It was 1958, and Heitor Villa-Lobos was contracted to write the film score to Green Mansions, starring Audrey Hepburn and Anthony Perkins. He was shocked – BEFUDDLED – to discover that the film would not be edited to his music, rather than the other way around. The story sounds charming these days, and yet how bizarre is it that a composer should expect his music to be weed-whacked to fit a scene?
This is thankfully not the case for Icelandic sonic necromancer Jóhann Jóhannsson, and his riveting collaboration with filmmaker Denis Villeneuve for the French-Canadian’s recent picture, Sicario. No stranger to writing for film, Jóhannsson nevertheless found himself in the enviable position of being included early on in the process by the director, allowing him to envision his towering score not as an afterthought or punch-up, but as a symbiotic element of the whole. Starring Benicio del Toro, Emily Blunt, and Josh Brolin, Sicario lives in the drug- and murder-engulfed Mexican city of Juarez – and Jóhannsson’s music is as distressing and insuppressible as the plot.
If you dig E-minor, this album is your jam. Relying heavily, and successfully, on low brass, strings and heavy-boned percussion, Sicario establishes its bleak worldview early on and never lets go of the listener’s collar. Like an aural Kraken, relentless gran casa, tuba, bass trombone and melting strings peel back the earth’s surface and blanket the ears in menace. With a ritualistic, ancient-sounding beat, tracks like “The Border” and “Drywall” lock step to a seemingly inevitable demise, while “Target” puts Jóhannsson’s deft string writing on display with the striking use of brutal col legno to disturb the pervasive bass drones.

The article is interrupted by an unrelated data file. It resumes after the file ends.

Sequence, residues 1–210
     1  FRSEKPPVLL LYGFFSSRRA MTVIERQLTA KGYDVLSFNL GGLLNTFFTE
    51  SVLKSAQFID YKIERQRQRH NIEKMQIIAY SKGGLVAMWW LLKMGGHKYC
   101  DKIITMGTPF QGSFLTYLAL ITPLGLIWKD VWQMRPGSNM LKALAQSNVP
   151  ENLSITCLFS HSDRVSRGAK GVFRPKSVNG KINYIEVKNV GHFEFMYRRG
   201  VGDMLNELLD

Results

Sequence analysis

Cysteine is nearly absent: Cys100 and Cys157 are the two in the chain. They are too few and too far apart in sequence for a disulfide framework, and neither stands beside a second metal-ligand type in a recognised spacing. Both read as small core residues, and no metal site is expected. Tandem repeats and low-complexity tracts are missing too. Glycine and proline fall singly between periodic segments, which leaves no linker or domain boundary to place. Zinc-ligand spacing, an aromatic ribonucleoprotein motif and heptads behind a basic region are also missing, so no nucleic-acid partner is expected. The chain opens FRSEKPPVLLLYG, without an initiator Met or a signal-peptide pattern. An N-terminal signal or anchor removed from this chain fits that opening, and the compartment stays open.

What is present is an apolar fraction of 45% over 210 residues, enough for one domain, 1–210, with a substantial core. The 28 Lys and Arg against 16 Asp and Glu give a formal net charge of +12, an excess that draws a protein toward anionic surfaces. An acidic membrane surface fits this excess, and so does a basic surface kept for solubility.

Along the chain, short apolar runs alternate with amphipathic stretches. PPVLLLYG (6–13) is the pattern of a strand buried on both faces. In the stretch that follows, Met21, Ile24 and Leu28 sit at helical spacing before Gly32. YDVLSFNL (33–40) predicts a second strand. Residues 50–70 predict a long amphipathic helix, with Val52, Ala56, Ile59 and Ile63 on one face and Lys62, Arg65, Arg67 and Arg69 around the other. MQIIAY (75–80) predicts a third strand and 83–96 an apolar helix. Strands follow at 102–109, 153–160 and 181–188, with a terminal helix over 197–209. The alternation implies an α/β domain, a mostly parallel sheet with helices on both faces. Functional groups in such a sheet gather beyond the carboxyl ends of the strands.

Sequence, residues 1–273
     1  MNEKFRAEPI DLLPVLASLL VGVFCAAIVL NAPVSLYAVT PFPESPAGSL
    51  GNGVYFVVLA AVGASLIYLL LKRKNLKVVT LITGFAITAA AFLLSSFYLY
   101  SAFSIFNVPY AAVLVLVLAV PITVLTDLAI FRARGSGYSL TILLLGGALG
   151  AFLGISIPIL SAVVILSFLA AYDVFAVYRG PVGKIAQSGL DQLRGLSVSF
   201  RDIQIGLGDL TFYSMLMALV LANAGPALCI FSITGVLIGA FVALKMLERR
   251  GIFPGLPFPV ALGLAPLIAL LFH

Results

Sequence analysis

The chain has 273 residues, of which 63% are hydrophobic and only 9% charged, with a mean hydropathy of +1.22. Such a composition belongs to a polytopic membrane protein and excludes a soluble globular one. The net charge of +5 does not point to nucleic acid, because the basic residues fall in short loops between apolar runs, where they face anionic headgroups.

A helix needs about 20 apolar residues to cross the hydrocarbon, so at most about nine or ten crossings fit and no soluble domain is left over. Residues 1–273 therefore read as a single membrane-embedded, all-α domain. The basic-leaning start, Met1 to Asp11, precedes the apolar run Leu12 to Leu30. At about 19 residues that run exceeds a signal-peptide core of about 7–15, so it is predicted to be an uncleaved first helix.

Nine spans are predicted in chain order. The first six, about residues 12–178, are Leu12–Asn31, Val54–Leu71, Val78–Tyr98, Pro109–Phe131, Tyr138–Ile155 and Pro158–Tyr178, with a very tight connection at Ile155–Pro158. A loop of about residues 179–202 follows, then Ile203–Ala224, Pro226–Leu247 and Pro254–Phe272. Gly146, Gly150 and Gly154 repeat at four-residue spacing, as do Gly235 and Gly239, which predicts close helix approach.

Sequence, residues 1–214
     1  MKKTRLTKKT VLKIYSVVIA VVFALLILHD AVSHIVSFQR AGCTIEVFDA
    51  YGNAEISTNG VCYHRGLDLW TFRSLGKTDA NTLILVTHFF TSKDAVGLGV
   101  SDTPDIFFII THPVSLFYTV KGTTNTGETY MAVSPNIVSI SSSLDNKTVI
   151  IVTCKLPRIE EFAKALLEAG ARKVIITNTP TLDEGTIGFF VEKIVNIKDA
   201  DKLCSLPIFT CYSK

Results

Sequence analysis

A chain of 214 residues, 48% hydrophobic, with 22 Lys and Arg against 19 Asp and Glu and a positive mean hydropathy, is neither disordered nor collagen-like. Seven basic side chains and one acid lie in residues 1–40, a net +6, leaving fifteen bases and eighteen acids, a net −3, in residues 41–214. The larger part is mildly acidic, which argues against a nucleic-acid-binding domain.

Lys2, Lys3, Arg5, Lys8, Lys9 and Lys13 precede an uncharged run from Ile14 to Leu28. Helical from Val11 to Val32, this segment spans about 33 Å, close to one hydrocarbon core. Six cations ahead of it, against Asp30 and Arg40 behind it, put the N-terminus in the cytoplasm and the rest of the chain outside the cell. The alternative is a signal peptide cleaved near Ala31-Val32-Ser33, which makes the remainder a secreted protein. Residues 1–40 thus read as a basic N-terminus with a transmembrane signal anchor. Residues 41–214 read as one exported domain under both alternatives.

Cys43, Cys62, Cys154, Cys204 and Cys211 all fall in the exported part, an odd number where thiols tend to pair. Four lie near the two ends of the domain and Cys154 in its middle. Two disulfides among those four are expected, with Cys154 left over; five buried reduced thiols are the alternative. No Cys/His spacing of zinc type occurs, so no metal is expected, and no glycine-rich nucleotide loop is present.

The album highlight arrives with album closer “Alejandro’s Song,” a stirring number featuring haunting falsetto voices. This is Jóhann Jóhannsson at his best – captivating atmosphere with a healthy dose of emotional coercion and imminent peril. Looking for a holiday antidote record? Look no further.